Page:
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Weblogs – The New Pirate Radio of the 21st Century

Britain hasn’t yet woken-up to the influence of Blogging to the same degree as the Americans have. In fact Weblogs are claimed to have made a significant contribution to the results of the last US Presidential election in the way in which they influenced local and national public opinion and only a week ago, I was having a conversation with one of our political parties, explaining how Weblogs can be enlisted to help shape ideas and opinions in the run-up to a General Election.

Weblogs are the modern equivalent of Pirate Radio Stations in the sixties and seventies. Visit the site now owned by Google and you’ll probably discover that the great majority of Weblogs offer little more than tedious adolescent emotional graffiti or the personal diaries of many thousands of Bridget Jones clones. Like tuning a radio, among the static, can be found commentaries that draw one’s attention and increasingly compete with mainstream news sites as sources of opinion and information.

What business and even politics in Britain hasn’t yet grasped is the “Samizdat” nature of Weblogging. Samizdat was a grassroots strategy to evade officially imposed censorship in the Soviet-bloc countries wherein people clandestinely printed and distributed government-suppressed literature or other media. The idea was that copies were made a few at a time, and anyone who had a copy and access to any sort of copying equipment was encouraged to make more copies.

A popular Weblog that focuses on an issue or a company can pull the carpet out from underneath the feet or authority and thanks to the power of search engines, such as Google, direct a consumer’s enquiry to the very website that a large company would rather they did not visit.

I’ll offer a small example. I run a modest little Weblog called which focuses on life around my local community in Kent. ThanetLife issues and stories based, not particularly profound but is generating growing traffic because it offers uncensored comment on local matters. In fact, it’s triggered two local radio interviews, an “almost” face-to-face” debate with the Prime Minister and the site log shows it has been “spidered” by the BBC.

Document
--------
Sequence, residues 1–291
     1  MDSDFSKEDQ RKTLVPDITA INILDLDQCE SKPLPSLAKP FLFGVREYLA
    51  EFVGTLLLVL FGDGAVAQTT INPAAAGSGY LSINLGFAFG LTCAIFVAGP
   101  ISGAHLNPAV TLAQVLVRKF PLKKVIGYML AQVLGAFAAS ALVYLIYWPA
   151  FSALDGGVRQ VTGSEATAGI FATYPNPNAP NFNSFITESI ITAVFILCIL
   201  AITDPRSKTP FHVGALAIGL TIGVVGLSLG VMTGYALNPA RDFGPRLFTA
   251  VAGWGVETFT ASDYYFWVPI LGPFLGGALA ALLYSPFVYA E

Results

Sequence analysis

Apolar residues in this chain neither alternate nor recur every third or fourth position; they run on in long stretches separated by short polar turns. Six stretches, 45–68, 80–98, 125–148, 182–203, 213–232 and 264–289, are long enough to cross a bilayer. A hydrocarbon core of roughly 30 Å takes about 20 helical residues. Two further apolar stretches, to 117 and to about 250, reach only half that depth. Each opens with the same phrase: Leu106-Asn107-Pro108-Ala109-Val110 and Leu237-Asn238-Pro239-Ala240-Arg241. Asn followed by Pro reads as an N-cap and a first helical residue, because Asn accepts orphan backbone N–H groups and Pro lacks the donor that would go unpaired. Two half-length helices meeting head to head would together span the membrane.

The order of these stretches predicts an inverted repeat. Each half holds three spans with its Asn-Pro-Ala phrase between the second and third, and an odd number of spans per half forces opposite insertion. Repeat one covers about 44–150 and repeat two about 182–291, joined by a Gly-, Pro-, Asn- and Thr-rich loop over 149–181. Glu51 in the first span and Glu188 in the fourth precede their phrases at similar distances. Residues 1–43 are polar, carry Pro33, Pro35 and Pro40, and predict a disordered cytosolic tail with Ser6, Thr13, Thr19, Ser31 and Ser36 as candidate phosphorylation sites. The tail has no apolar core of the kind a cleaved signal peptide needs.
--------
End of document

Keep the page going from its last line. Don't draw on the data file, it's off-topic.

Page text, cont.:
Because it’s Web-based, the Weblog is more agile than the local papers and has limitless space. Already and with an election looming, local politicians have noticed its potential but local business and the local council haven’t yet come to terms with how the internet can act as a lens to polarise local issues in a way that local radio and local papers can’t.

Of course, “Dog of the Week” has been a huge success but so has comment on cancelled flights on EUJet, our local budget airline, in alight-hearted piece called “Where are the Fokkers?” The important point however, is that Weblogs offer people a voice and a publishing reach that simply wsn’t possible in the past. A negative review of comment in a popular Weblog can be almost as bad for a business as an opinion-former as any similar piece in a national newspaper.

At a time when democracy and the privileges given to us as a society in Magna Carta, are being steadily whittled away by the arrival of a Presidential-style of government, Weblogging here and even in countries like Iran and Saudi Arabia remind us that the Internet, for all its problems, can drive the principles of free-speech and democracy forward in a way that was impossible in the past. The Weblog is the man-in-the-street’s equivalent of an aircraft carrier and while the great majority float aimlessly in a sea comment, some can make a difference and keep big business and politics honest in a world which tends increasingly towards the opposite.


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